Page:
The fundamental question we must investigate when judging a mature photographer like the Marville of the 1860s is where he placed his camera; it’s an age old question for photography, but one that is central to understanding what a photographer like Marville was really doing. In his images of old Paris, Marville returned again and again to dead on, straight down the cobblestoned street views, often collapsing the depth of several blocks or telescoping under and through bridges, archways, or other alley portals. His images of the wood planked factories and tanneries around the Bievre river did the same, using the waterway as the central axis, with rooflines jutting in from the sides. This rigorous, almost geometric, approach created movement through the distance of the picture (not just frontal grandeur like the architectural works of Edouard Baldus), following the line of a gutter or curb as it delved deeper into the background, building up layers of information and bringing foreground vernacular signage into bold, front and center prominence; horse carriages, carts, lampposts, and the occasional stationary figure are used like intermittent decorations, bringing life to the deserted, often early morning streets. The consistency of his clean lines across years of picture making tells us this was a pre-visualized methodical plan, not just an accident.

As the Haussman induced changes to Paris gathered steam in the early 1870s, Marville’s photographs became more spare and open, with the now wide streets filled with heaps of rubble or in-process construction, but also laced with more obvious contrast and juxtaposition. Horses mix with trolley tracks, spindly trees compete with new gas lampposts, and shanty town suburbs look out to the modernizing city in the distance – Marville was consciously bracketing the old and new, subtly reminding us of the massive transformations and upheavals that were taking place.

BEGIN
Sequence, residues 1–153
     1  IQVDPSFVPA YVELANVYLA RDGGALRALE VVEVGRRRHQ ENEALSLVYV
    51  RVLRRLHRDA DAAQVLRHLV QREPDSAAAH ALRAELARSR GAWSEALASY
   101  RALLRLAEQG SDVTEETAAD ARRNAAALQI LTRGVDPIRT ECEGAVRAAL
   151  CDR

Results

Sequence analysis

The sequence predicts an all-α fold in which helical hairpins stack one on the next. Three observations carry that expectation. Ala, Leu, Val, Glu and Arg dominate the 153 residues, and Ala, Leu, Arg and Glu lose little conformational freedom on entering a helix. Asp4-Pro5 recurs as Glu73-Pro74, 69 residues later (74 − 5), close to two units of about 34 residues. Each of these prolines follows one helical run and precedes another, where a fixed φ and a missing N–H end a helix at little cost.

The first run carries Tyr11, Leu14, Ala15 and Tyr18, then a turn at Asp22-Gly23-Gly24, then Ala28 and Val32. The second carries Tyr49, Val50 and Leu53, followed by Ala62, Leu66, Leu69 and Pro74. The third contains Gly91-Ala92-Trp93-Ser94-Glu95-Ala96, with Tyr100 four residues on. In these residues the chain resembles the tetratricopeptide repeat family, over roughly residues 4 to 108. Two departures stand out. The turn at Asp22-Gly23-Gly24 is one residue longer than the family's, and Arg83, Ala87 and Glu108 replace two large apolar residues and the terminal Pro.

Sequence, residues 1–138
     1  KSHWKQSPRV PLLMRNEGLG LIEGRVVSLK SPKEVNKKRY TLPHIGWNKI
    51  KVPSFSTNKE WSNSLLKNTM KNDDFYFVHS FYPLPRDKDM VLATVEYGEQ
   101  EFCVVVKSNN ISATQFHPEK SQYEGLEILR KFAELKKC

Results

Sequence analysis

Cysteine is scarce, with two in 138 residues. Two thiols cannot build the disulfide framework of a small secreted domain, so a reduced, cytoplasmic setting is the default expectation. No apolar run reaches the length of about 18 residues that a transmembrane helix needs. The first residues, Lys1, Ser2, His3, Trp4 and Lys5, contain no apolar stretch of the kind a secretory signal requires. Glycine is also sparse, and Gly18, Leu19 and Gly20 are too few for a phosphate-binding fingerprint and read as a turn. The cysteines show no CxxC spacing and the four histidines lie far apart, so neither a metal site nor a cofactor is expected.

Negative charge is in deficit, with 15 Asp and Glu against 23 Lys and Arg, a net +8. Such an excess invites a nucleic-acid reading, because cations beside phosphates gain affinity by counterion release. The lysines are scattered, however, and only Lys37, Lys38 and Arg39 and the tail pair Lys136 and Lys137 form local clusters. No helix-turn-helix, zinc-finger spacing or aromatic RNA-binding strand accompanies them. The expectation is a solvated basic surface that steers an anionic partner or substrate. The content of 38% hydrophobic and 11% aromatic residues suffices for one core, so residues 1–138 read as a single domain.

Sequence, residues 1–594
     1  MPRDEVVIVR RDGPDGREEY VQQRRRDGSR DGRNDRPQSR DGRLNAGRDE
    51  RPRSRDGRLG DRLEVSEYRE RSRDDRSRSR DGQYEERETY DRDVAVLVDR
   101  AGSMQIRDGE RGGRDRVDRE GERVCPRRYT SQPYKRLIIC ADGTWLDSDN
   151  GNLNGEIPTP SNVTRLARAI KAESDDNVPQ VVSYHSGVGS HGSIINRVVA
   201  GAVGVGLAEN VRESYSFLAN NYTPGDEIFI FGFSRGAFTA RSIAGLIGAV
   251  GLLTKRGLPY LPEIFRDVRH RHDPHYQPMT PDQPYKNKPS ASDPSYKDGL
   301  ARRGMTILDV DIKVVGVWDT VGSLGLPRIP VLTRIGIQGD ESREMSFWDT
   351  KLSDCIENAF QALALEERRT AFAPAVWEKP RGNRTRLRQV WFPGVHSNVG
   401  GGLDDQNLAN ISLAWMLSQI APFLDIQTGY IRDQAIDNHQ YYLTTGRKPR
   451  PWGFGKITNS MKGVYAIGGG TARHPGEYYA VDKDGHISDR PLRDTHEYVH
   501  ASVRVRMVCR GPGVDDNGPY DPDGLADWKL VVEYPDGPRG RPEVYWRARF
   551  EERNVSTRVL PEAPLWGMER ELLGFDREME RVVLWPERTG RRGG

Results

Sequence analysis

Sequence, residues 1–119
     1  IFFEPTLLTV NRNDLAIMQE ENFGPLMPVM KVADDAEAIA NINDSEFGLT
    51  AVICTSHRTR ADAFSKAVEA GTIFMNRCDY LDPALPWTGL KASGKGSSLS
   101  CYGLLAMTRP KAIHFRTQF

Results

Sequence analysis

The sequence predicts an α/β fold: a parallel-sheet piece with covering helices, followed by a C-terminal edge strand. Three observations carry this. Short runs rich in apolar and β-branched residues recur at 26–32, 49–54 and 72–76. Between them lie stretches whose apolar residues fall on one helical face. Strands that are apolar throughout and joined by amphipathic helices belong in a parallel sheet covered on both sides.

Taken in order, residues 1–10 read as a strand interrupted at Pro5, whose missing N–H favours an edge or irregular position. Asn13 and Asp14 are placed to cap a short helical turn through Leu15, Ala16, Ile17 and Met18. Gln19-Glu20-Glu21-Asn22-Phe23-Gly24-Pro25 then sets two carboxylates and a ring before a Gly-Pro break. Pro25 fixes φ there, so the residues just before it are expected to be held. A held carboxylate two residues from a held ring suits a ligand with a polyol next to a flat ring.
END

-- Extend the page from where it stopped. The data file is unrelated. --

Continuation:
Marville’s cropped down portraits of street urinals, poster kiosks, and ornate lampposts are undoubtedly his most “modern” works; while there are only a handful of these images on view here, a dozen or more would have happily hung in a strict Becher-like conceptual typology, forcing us to recognize the theme and variation details found across the changing city. Seen with an economy of vision, they pare away the chaos of the streets, singling out representative details that would otherwise have gone unnoticed. Compositionally, these are as crisp and precise as any of his broader street views – lampposts are seen in perfect alignment, each set up optimized for light/dark contrast or angled perspective.

Seen together, the evolving variety of Marville’s artistic techniques comes forth with more clarity, and even though not every image in this retrospective is equally engaging or memorable, the exhibit makes a thorough and compelling case that he was doing much more than checking boxes and filling up the historical archive (as some have argued). It’s well researched shows like this one that expand our understanding of figures like Marville, helping to highlight how he was matching his aesthetic approach to the limits of the available technology, continually adapting his eye to maximize his camera’s ability to refine a city scene down to its purest elements. In his pictures, we find an early precursor to photographic Modernism, the very beginnings of formal ideas that would come to dominate half a century later.

Collector’s POV: As this is a museum show, there are, of course, no posted prices. Marville’s prints are only intermittently available in the secondary markets. Recent prices have ranged from roughly $1000 to $21000, with larger albums of images often reaching into the low six figure range. That said, what has come up for public sale may not be entirely representative of his best work, so this price history may not be completely applicable when considering rare/iconic images that might surface in the future.

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Read more about: Charles Marville, Metropolitan Museum of Art, National Gallery of Art, Washington, University of Chicago Press